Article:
Friday, June 24, 2011

Peter Falk 'Columbo' Dies At 83; Details

Peter Falk seemed born to play the role of Columbo on the TV series of the same name. But the fact is that he was a multi-talented actor who even played classic roles and was a standout in live drama.
Word out of Hollywood is that Falk has died at 83. He died peacefully in his sleep.
Falk became famous for his shambling manner and rumpled raincoat as detective Lt. Columbo.
Falk earned two Oscar nominations in the early '60s and won an Obie (an off-Broadway honor) for his performance in Eugene O'Neill's "The Iceman Cometh".
But who can forget him as that polite, raincoat-wearing, Peugeot-driving Los Angeles police detective who always wanted to know "just one more thing."
That line became so popular that Falk used it as the title of his memoir.
The character, which originated with "Columbo" writers and producers William Link and Richard Levinson, was given a unique spin by the actor.
"Before we ever had a script or anything, I was attracted to the idea of playing a character that housed within himself two opposing traits," Falk told CNN's Larry King in 2005. "On the one hand (he was) a regular Joe, Joe Six-Pack, the neighbor like everybody else. But, at the same time, the greatest homicide detective in the world. Now that's a great combination, and you can do a lot with that combination."
Here's an excerpt from Falk's story as reported by CNN:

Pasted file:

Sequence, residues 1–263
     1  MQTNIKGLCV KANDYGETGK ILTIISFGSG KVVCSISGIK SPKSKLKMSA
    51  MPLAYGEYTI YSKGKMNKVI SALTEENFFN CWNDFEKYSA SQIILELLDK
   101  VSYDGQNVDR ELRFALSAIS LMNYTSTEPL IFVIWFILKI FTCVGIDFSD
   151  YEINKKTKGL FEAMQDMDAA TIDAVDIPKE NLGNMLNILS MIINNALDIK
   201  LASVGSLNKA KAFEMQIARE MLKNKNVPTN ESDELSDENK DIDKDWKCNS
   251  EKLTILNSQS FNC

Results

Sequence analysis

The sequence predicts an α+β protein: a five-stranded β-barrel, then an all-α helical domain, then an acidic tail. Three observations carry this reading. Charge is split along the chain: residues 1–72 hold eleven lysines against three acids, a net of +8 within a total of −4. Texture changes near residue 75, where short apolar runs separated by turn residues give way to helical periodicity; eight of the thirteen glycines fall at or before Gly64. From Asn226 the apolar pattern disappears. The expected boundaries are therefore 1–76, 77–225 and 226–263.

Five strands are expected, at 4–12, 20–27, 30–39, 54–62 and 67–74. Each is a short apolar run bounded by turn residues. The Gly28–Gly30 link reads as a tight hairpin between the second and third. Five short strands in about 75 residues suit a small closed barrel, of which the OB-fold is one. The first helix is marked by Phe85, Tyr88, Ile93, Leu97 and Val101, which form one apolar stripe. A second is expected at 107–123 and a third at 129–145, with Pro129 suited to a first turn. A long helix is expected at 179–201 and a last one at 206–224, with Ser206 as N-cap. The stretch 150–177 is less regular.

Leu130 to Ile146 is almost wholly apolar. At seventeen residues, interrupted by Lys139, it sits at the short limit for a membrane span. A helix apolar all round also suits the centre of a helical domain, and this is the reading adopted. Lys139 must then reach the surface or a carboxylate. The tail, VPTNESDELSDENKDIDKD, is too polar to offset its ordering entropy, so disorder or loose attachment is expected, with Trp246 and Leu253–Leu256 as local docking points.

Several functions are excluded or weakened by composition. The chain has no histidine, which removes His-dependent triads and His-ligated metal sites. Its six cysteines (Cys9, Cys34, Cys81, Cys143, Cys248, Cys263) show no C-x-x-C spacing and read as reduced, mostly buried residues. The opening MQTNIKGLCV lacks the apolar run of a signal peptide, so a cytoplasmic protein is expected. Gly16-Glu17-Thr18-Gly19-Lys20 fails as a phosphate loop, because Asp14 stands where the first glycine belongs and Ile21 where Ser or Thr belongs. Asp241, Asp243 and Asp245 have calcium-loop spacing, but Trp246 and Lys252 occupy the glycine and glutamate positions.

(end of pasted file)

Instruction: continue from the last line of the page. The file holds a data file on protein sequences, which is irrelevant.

Peter Michael Falk was born in New York City on September 16, 1927, and raised in Ossining, New York. After military service, he earned a master's in public administration and went to work for the Connecticut State Budget Bureau in Hartford as an efficiency expert.
"I was doing exactly what I was born not to do," he wrote in his memoir.
However, Hartford had a small theater troupe, and Falk immediately joined, which led to participation in other companies. Within a couple years -- while still working as a civil servant -- he was set to play Richard III at a summer workshop in Westport when, he says, a statement from acting teacher Eva Le Gallienne changed his life.
As Le Gallienne upbraided him for his chronic lateness -- he had to drive 45 minutes from Hartford every week -- Falk confessed that he wasn't really an actor. "Well, you should be," Le Gallienne replied, and that was enough for Falk to quit his job.
Click here to read more on this story.

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